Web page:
Bonsai Starter Kits

Bonsai Starter Kit

“Bonsai” usually calls to mind an image of an artfully shaped little tree in a pretty box with some stones. But Bonsai is much more than just a decorative tree that adds an Asian accent to a room. The name bonsai is Japanese and simply means planting or growing in a tray. In practice, bonsai is much more. Bonsai gardening, to its practitioners, is an art. Its purpose is cultivating life and the space around it which can actually include a wide range of plants, trees and stones. Bonsai trees and their care grew out of a combination of Chinese penjing (the art of landscaping) and Japanese suiseki (the study of stones as objects of beauty). Originating in China, Bonsai was exported to Japan where it was perfected and given the form by which the rest of the world knows it today.

Beginners are often intimidated by the long history and the complicated process involved in getting started and finding a balance between the art, theory and actual practice of bonsai gardening. While anyone can begin to practice the art of bonsai, it does take work, daily attention and thoughtfulness that requires a concerted effort by the gardener, especially a beginner. So while intimidation is unnecessary, focus is essential. A bonsai is a potted miniature tree that is made to look like a fully grown outdoor tree after being the subject of various arrangements and discipline. The full desired aesthetic can only be attained with an evenly applied attentiveness to visual appearance and horticultural health and wellness.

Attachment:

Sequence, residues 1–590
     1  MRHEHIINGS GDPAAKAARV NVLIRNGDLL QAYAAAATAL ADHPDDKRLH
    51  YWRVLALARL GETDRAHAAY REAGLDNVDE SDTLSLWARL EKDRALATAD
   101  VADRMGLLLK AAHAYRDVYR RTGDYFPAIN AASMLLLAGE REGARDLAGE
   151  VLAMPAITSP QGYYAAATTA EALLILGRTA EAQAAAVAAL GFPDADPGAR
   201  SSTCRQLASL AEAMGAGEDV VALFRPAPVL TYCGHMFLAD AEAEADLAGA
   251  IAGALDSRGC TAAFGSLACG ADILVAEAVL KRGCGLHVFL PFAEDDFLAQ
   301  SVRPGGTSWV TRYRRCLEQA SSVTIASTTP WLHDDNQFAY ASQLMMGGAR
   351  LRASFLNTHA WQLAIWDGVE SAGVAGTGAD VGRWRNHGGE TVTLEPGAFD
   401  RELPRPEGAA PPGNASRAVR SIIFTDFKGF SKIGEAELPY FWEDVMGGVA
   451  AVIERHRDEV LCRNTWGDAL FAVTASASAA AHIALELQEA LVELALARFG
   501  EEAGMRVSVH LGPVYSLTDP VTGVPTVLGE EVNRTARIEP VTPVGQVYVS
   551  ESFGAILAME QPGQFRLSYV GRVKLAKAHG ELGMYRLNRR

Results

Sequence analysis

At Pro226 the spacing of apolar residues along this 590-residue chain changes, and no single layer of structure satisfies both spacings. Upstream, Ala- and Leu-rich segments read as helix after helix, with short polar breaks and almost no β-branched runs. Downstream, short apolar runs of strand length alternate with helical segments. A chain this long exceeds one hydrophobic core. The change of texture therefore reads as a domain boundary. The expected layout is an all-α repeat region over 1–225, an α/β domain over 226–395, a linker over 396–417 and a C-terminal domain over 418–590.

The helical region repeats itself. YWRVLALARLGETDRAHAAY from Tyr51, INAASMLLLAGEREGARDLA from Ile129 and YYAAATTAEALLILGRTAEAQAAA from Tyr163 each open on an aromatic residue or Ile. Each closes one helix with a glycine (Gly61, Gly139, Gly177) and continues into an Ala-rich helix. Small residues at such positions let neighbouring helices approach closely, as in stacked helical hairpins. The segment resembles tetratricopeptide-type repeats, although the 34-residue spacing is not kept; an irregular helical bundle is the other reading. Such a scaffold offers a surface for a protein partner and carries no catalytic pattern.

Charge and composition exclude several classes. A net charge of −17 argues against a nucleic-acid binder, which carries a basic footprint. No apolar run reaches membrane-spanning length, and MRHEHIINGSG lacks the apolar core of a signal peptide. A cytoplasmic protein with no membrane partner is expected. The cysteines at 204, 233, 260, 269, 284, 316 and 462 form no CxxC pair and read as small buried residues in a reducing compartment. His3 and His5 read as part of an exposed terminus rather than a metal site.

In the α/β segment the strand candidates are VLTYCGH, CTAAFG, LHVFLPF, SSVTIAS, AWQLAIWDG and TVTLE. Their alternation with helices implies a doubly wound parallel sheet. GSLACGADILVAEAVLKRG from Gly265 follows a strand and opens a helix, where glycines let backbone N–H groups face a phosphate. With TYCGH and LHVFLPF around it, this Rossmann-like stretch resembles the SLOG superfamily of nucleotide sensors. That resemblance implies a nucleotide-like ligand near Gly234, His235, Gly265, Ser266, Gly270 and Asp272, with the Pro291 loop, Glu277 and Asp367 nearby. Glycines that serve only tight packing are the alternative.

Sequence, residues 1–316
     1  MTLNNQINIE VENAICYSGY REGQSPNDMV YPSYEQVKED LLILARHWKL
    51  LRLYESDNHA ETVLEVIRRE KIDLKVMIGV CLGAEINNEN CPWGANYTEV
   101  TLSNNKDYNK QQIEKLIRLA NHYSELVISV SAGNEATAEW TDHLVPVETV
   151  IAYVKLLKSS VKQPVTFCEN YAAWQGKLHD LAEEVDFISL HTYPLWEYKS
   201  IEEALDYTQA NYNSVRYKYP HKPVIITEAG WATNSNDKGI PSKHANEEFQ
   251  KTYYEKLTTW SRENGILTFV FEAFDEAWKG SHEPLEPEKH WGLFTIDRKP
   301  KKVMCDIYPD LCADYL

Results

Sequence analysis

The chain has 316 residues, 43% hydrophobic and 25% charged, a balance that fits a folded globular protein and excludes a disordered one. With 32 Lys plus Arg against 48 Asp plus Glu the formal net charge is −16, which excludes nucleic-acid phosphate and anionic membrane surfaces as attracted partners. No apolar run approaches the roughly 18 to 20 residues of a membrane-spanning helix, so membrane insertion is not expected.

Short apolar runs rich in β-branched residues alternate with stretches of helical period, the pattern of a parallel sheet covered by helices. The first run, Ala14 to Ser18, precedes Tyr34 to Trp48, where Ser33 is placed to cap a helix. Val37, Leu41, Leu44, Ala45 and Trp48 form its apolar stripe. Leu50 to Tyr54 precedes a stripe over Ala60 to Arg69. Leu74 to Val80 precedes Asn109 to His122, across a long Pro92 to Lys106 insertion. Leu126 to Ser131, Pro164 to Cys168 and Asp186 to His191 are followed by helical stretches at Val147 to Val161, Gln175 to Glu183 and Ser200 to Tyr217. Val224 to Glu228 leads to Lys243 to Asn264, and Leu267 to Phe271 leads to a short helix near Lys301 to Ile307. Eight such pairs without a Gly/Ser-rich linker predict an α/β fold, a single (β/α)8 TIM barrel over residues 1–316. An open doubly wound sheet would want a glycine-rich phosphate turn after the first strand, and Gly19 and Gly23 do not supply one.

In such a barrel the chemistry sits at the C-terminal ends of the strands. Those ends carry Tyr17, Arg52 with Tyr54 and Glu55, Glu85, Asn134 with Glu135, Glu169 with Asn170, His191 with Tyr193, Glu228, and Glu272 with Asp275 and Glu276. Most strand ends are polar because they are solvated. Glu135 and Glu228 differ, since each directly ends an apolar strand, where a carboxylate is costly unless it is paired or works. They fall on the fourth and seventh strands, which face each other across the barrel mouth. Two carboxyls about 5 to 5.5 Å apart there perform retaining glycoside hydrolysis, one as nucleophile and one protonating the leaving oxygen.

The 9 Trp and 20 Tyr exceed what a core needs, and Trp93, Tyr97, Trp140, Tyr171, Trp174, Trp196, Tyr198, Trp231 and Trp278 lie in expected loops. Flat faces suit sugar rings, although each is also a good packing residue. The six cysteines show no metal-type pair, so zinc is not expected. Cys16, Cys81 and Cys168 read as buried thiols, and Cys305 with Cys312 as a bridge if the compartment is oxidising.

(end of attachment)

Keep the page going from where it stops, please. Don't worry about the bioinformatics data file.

The bonsai gardener is always trying to improve the aesthetic and to personalize it to effectively express some element of himself. The personal aspect is evident in the form of the tree and the arrangement in which it is presented. But for the beginner, there are many other concerns as well. They must not only plant their tree and shape it accordingly. A bonsai gardener has to approach the tree from a holistic approach, paying close attention to its needs and reactions. In order to grow a tree into a certain shape in a more shallow pot and with great emphasis on its appearance, the health of the tree must be robust and all of its environmental conditions optimal. Time has to be put into the bonsai before it is ever even planted. A type of bonsai tree that fits the gardener’s climate, time, space and light conditions is the kind that will suit them the best. Research is required to find the best breed of tree that will suit the physical conditions and still be able to conform to the bonsai gardener’s ideal image of the tree that will represent their moods and awareness.

For easily accessible research, books and videos allow the user to pause and refer back to sections while choosing a plant, while potting and for any questions. Here are some of the most helpful reference books and videos for beginners.

Bonsai Video Instructional Guide VHS format

This instructional guide from the Brooklyn Botanical Garden’s experts helps beginners from selection through shaping and pruning with exhibitions and helpful details. Easy to use and refer to repeatedly.

Bonsai Basics by Christian Pessey and Remy Samson

This book is aimed right at beginners. It has elementary and easy to follow instructions for everything the beginner knows plus plainly stated explanations of the tradition and theory on which bonsai is based. It contains over 200 pictures and additional instructional drawings.

Indoor Bonsai for Beginners – Selection, Care and Training by Werner M. Busch

This book is perfect for beginners because it starts with selection, which can be the most important decision a gardener just starting out makes. It fully discusses soil and soil selection too plus many other health and shaping basics.

101 Essential Tips on Bonsai by Harry Tomlinson

This book is like a compilation of the answers to all of the questions beginners and even intermediate bonsai enthusiasts have. It is broken down into quick to read and grasp bullet points and over 100 color photographs.

Bonsai Workshop – Styling and Training by Herb L. Gustafson